Although it may seem counterintuitive to implement emerging technologies like blockchain in the least resourced countries of the world, this is not the case. In our relatively recent past, technologies like the mobile phone and the smartphones have allowed low-income countries to skip fixed-lines and leapfrog to the next technology. Mobile health has transformed healthcare and strengthened health systems in developing countries.
Today, blockchain technology stands to do the same, to revolutionize the health sector in ways it has not been done before.
One way blockchain can disrupt healthcare and improve the functioning of health system in developing countries is through its application to the supply chain of vaccines. Significant failure of current health systems in developing countries is due to inadequate supply chains of vaccines.
To address this problem, the HIT Foundation has developed a blockchain technology that tackles key supply chain challenges. Lack of access to vaccines at the point of care is a key problem faced by supply chains in developing countries. Tackling lack of access to vaccines is a complex issue in low-income countries.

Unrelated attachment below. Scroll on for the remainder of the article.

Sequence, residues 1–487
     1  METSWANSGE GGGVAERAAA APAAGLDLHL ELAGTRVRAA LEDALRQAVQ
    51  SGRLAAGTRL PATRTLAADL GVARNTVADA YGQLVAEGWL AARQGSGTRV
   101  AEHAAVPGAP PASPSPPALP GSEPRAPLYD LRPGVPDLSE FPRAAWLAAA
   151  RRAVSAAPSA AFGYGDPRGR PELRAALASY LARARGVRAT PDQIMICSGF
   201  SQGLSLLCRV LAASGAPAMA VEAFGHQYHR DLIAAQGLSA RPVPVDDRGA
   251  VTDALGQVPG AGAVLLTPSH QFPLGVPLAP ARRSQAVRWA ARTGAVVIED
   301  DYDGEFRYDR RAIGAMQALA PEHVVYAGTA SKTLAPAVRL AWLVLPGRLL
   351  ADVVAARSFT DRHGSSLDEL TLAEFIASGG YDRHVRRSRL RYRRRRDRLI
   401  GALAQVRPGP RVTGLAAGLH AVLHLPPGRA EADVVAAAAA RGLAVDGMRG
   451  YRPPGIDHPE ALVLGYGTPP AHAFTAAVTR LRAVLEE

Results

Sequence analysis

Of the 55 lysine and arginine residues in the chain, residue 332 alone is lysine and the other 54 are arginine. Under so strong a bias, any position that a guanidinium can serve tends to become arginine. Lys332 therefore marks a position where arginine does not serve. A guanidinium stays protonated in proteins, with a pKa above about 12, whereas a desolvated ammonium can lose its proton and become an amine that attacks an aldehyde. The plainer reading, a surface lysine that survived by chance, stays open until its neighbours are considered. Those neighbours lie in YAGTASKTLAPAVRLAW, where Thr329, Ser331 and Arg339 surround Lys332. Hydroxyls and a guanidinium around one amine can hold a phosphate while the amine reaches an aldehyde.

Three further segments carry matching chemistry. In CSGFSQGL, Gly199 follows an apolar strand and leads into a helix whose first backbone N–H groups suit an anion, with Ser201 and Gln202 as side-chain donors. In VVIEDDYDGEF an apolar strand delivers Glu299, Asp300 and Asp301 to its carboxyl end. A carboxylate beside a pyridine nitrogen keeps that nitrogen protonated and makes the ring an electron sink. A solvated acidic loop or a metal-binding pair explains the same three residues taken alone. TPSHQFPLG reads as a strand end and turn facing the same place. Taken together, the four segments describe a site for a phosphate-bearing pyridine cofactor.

Blockchain technology has the potential to strengthen the supply chain of vaccines in developing countries through an infrastructure that it’s immutable and transparent. Blockchain allows all supply chain stakeholder, vaccine distributors and health workers, to record and monitor vaccine movements along the supply chain to ensure appropriate levels on vaccines.
The HIT Foundation is planning to collaborate on a groundbreaking project with the Swiss Tropical and Public Health Institute to improve the supply chain of rabies post-exposure prohpylaxis (PEP) in Mali and Ivory Coast. The project aims to develop a sustainable solution that can significantly reduce human rabies death in the study areas.
Through the HI-Trust App, built on blockchain technology, the rabies vaccine supply chain can be strengthened and secured by automated alerts if vaccine stock drops below a threshold stock at each level of the supply chain. This triggers a vaccine order at the next higher level. The goal is to improve transparency in vaccine management, avoid stock-outs, minimize vaccine loss and reduce PEP and social costs of rabies.
A more efficient supply chain can greatly contribute towards the goal of zero cases of human rabies in Mali and Ivory Coast.
Fátima Sanz de León | Chief Project Officer | HIT Foundation | https://hit.foundation | email: firstname.lastname@example.org |